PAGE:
It’s that classic love story: boy meets girl, boy buys forest, girl marries boy, boy plants 100,000 trees. Okay, not classic, exactly, but sweet, definitely.  When Fred Beazell bought over 500 acres of former farmland near Corvallis in the early sixties, he had dreams of living on the land with his long-time sweetweart, Dolores Anthony. The couple married a few years later, but for decades continued to live in Silicon Valley, where they both worked in tech. Still, Fred made frequent weekend trips to the land and found immense joy in digging holes and planting seedlings – over 100,000 of

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Get Outside! Enjoying FSC®-Certified Forests

We are fortunate that many Forest Stewardship Council®-certified forests in the Pacific Northwest are open for public enjoyment. These lands offer an opportunity for all of us to know what healthy forests look and feel like. Here’s a list of FSC-certified forests that are open to the public.

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Controlling and Identifying Invasive Woodland Plants

RESOURCES FOR IDENTIFYING AND CONTROLLING FLORA NON GRATA IN YOUR WOODLANDS Invasive plants such as the ones listed on this page can damage natural resources. They can quickly erode biodiversity in woodlands and reduce wildlife habitat by overtaking and toppling trees, eroding streambanks, crowding out and shading out native plant species, and even changing soil chemistry. On this page we’ve compiled some resources for woodland owners dealing with invasive species. There are many more resources out there, particularly through university extension service websites like this one from WSU Extension.   An ounce of prevention… Figuring out how to deal with

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Keeping a Weather Eye Open: Measuring Snowfall in the Nisqually Watershed

Maintaining a steady and reliable source of water in a changing climate is critical for the health of both people and ecosystems. Northwest Natural Resource Group (NNRG) has been testing methods of ecological forestry that will increase the resilience of future watershed forests. At the Nisqually Community Forest near Mount Rainier, we have implemented several forestry techniquesthat you may recall from our previous article: Thinning the forest to spread available soil moisture among fewer trees, Installing snow gaps so that more snow accumulates and extends snowmelt season Planting seedlings from warmer zones to provide a local source for adapted genetic traits The techniques were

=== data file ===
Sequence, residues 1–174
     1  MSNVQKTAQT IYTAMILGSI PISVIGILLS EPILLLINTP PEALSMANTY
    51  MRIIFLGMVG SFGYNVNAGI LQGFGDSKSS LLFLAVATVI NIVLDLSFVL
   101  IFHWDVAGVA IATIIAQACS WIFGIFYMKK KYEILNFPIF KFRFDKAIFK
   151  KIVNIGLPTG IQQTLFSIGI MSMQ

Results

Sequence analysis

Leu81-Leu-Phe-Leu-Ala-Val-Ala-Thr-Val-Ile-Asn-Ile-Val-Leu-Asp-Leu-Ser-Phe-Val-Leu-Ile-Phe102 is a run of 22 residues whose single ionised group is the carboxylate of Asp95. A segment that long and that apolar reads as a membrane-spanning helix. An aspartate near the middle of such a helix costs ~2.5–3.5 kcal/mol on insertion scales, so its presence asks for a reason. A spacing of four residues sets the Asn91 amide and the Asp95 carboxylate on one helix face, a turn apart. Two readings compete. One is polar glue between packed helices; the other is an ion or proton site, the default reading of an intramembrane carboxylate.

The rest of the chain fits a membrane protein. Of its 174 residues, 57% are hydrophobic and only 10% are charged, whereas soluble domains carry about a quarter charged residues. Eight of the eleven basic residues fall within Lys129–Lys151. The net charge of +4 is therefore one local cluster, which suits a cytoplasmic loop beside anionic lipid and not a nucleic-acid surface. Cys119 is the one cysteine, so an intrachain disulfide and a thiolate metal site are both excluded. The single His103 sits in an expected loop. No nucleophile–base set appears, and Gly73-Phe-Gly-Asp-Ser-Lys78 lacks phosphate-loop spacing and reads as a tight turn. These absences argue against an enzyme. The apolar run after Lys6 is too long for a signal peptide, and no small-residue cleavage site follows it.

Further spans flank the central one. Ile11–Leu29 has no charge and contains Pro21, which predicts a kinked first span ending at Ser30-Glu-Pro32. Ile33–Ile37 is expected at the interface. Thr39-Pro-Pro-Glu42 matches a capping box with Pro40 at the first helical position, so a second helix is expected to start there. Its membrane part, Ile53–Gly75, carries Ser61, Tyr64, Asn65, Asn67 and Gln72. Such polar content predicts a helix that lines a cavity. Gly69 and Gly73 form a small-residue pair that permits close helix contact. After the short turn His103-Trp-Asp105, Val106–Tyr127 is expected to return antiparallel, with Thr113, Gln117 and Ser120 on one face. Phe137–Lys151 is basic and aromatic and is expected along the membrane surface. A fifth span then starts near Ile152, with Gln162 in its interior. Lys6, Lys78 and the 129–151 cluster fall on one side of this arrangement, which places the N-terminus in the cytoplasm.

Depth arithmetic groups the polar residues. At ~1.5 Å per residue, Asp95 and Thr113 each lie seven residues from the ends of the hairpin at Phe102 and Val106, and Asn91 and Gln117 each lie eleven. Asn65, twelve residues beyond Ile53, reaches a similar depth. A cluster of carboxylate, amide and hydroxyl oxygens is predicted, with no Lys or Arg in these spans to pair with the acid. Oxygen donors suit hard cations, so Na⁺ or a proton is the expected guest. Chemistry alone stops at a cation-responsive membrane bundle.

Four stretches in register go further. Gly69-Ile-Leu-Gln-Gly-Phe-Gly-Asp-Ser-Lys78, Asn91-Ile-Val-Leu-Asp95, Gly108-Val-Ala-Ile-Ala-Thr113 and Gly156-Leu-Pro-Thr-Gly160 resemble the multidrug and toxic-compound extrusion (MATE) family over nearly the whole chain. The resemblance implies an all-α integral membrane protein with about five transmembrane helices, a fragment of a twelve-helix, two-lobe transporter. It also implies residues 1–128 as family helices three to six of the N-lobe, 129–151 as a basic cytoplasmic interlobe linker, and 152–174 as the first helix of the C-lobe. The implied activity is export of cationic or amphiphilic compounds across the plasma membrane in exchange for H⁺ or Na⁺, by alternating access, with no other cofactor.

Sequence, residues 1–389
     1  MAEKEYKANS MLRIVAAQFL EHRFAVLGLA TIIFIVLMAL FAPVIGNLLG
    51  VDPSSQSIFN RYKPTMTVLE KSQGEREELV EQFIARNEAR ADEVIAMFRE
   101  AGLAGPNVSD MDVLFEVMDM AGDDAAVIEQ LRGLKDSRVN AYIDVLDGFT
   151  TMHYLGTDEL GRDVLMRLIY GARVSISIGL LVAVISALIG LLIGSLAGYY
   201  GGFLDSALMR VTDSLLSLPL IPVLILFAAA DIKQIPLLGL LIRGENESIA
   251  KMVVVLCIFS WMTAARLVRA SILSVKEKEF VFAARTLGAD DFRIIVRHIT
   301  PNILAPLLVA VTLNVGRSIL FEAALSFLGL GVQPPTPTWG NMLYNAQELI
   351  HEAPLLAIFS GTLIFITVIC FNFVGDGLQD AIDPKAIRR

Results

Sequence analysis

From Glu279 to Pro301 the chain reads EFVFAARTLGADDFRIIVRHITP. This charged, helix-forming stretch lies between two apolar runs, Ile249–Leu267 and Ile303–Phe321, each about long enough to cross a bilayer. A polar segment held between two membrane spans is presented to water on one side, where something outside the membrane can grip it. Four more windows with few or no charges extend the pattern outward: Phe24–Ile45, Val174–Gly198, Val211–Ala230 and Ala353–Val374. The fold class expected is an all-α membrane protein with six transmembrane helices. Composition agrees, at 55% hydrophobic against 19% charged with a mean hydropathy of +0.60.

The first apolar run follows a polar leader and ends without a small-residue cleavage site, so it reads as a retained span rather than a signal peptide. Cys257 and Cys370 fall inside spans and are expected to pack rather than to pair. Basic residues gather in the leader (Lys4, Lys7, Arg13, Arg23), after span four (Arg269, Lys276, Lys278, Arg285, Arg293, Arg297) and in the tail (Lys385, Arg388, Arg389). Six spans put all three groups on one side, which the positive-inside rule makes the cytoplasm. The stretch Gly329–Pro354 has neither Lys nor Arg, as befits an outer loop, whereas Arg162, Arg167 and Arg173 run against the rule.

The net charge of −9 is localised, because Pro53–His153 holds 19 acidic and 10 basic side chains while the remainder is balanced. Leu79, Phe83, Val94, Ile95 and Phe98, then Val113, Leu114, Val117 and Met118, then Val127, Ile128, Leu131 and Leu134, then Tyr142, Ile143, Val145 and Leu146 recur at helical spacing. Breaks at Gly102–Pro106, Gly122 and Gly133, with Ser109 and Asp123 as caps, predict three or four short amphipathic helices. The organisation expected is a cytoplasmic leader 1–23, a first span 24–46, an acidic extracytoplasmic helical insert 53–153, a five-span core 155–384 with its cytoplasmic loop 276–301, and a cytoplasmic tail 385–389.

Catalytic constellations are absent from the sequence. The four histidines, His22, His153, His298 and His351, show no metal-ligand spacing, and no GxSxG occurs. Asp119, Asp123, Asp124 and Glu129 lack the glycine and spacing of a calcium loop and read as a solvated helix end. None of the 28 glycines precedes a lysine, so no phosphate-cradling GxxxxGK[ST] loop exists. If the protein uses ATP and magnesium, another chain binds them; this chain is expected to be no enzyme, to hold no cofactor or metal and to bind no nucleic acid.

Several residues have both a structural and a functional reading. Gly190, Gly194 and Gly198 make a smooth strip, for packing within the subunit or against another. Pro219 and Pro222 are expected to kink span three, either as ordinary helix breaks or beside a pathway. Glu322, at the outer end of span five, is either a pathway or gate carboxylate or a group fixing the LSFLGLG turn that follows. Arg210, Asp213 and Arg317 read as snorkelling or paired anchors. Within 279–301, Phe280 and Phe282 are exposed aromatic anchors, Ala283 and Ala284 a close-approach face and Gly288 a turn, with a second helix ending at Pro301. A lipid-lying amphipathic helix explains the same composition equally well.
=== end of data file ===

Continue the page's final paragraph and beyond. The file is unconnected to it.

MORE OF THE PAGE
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Spring: Forestry through the Seasons

It’s nearly officially spring, so get ready to greet the return of the growing season! Each season presents the best time to conduct different stewardship activities. Timing your forest management for the ideal season will help you achieve success and avoid setbacks. This page provides tips to help you make the most of stewarding your forest in spring. As a reminder, bird nesting season begins around March 15th, so try to avoid any major timber management until chicks have left their nests around mid- to late-June. By spring, the window for planting is closing: make sure you get your tree seedlings

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An EQIP Success Story from Shaw Island, Washington

Around 200 people call Shaw Island home, among them Lynn Bahrych, formerly a Commissioner for the Washington State Conservation Commission and co-chair of the Washington State Soil Health Committee. Lynn is steward and owner of Osprey Pond, a 64-acre forest and wildlife pond on the northwestern end of the island. With financial support from the Environmental Quality Incentives Program (EQIP), Lynn has embarked on a project to transform her tinderbox “wall of trees” into a fire- and climate-resilient forest that more closely resembles the natural, fire-adapted forest of millennia past.